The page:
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Criminal Justice

A Guide to Resources

Begin Here

Select a database (see below) to find citations to peer-reviewed or scholarly journal articles on topics of interest, and links to fulltext; or select a database from the full list of more than 700 databases.

Search Journals Finder to determine which journals the library has access to and for which years.

Use Iliad (ILL) to obtain copies of articles from other libraries.

Contact Gregory McKinney, the library subject specialist for Criminal Justice if you need assistance with your research.

Sage Research Methods Online

Research Design? Statistics? Methodology? Its all in Sage Research Methods Online

Subject Specific Databases

Doing research in Criminal Justice often extends into other subject areas. For example, doing research on the topic of prisoner reentry may involve searching the business, education, psychology and social work databases:

Primary Databases for Criminal Justice

Multi-Disciplinary Databases

The databases below include journals from a wide variety of academic subjects, including Criminal Justice. They are good places to begin if you are unsure which database to use for finding articles on a topic, or if you would like to find articles on a topic from a range of different perspectives, for example, psychological, sociological, business, economics, historical and so on.

Television News Archives (Vanderbilt)

Add punch to your project or report with a map

NEED A MAP? Contact the Map Librarian to help you find what you need

Newspapers

Temple's newspaper databases provide direct full-text access to the back files of thousands of newspapers titles


Major Temple newspaper databases: If you have an article topic in mind, search one or more of the major newspaper databases listed (in alphabetical order) below.

Major dailies available full-text online through Temple:

The Marshall Project

The Marshall Project is a nonprofit, nonpartisan news organization founded on two simple ideas:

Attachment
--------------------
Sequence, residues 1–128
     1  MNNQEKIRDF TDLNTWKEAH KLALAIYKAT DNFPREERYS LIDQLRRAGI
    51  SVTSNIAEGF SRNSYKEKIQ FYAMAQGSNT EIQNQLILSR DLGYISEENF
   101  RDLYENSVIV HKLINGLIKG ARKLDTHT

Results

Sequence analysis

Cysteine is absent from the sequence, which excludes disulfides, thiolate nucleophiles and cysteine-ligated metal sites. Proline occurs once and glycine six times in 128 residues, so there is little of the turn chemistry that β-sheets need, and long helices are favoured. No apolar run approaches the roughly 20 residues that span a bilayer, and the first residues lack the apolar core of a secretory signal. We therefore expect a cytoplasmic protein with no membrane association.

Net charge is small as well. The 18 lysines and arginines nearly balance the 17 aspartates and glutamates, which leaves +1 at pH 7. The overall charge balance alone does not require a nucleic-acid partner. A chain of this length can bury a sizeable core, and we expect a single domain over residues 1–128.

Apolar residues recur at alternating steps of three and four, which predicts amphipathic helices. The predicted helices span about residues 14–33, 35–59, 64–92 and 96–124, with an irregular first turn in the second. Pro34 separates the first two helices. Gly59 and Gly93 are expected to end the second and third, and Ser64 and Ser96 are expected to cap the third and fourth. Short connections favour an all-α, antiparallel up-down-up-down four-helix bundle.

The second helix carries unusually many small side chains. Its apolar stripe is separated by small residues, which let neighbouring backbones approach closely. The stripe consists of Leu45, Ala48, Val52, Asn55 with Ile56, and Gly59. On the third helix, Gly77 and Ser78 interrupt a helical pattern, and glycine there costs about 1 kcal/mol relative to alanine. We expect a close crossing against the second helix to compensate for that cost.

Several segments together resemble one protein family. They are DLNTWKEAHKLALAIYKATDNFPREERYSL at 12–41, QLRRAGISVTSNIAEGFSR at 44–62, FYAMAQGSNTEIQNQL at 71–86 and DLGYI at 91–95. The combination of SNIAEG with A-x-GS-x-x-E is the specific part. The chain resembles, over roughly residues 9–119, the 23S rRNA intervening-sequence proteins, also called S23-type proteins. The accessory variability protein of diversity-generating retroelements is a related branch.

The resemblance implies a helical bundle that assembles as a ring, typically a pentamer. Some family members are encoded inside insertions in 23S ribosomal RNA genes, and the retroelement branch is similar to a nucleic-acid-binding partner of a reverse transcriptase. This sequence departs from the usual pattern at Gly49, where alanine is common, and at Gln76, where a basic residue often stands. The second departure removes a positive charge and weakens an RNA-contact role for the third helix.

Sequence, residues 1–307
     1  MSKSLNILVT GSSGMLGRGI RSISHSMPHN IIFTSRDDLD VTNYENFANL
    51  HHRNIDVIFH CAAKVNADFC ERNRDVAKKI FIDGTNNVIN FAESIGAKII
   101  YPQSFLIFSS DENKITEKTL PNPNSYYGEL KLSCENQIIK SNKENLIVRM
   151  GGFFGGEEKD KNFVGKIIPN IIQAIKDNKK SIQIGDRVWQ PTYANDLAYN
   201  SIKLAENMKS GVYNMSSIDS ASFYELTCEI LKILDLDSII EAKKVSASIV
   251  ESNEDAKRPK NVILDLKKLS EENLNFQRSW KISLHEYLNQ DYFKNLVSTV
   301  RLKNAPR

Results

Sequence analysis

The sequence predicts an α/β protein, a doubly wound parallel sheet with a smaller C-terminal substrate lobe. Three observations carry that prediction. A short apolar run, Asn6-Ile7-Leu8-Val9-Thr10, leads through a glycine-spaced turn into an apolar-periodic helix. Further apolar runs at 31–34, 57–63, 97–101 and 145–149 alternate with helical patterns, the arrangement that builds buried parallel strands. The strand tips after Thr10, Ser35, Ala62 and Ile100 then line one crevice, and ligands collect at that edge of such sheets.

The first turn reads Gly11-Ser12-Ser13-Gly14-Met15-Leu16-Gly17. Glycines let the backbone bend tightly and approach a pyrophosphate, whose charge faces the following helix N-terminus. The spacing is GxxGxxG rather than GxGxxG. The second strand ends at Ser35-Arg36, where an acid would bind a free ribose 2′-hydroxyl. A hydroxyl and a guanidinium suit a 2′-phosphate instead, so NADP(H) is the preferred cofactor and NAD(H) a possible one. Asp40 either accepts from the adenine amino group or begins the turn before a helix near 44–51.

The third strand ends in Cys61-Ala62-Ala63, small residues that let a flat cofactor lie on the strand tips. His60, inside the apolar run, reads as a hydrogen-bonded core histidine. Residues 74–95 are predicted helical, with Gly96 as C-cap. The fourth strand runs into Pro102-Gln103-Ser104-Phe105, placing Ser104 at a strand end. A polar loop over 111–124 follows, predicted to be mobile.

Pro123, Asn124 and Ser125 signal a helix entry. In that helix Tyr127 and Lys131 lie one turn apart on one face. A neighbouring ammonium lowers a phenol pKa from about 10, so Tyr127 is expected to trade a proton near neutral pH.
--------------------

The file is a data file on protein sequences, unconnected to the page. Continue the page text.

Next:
1) There is a pressing national need for high-quality journalism about the American criminal justice system. The U.S. incarcerates more people than any country in the world. Spiraling costs, inhumane prison conditions, controversial drug laws, and concerns about systemic racial bias have contributed to a growing bipartisan consensus that our criminal justice system is in desperate need of reform.

The recent disruption in traditional media means that fewer institutions have the resources to take on complex issues such as criminal justice. The Marshall Project stands out against this landscape by investing in journalism on all aspects of our justice system. Our work will be shaped by accuracy, fairness, independence, and impartiality, with an emphasis on stories that have been underreported or misunderstood. We will partner with a broad array of media organizations to magnify our message, and our innovative website will serve as a dynamic hub for the most significant news and comment from the world of criminal justice.

2) With the growing awareness of the system’s failings, now is an opportune moment to amplify the national conversation about criminal justice.

We believe that storytelling can be a powerful agent of social change. Our mission is to raise public awareness around issues of criminal justice and the possibility for reform. But while we are nonpartisan, we are not neutral. Our hope is that by bringing transparency to the systemic problems that plague our courts and prisons, we can help stimulate a national conversation about how best to reform our system of crime and punishment.